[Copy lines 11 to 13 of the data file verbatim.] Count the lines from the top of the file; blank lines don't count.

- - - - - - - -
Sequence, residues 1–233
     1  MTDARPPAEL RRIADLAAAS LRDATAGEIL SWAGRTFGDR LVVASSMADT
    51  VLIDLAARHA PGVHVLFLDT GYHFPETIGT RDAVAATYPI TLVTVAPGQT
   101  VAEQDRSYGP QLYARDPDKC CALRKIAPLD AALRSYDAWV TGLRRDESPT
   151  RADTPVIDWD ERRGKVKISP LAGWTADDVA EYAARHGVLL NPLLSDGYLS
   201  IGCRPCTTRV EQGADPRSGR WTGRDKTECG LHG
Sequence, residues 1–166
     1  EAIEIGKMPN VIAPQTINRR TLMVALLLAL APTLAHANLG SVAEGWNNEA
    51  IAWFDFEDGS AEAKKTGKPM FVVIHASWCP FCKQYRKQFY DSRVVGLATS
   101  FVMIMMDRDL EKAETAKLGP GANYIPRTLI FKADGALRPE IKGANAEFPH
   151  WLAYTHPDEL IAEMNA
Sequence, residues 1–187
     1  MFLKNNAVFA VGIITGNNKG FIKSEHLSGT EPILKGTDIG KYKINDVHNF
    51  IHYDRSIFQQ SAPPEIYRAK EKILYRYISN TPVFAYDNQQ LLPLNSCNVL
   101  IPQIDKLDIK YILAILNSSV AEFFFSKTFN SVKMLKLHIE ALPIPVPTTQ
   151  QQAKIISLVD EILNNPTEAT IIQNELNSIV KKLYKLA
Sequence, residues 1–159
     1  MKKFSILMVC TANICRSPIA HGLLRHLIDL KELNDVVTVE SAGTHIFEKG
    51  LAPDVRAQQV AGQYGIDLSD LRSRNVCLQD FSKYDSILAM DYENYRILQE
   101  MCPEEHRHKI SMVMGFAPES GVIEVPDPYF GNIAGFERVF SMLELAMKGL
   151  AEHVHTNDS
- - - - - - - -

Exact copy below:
   151  WLAYTHPDEL IAEMNA
Sequence, residues 1–187
     1  MFLKNNAVFA VGIITGNNKG FIKSEHLSGT EPILKGTDIG KYKINDVHNF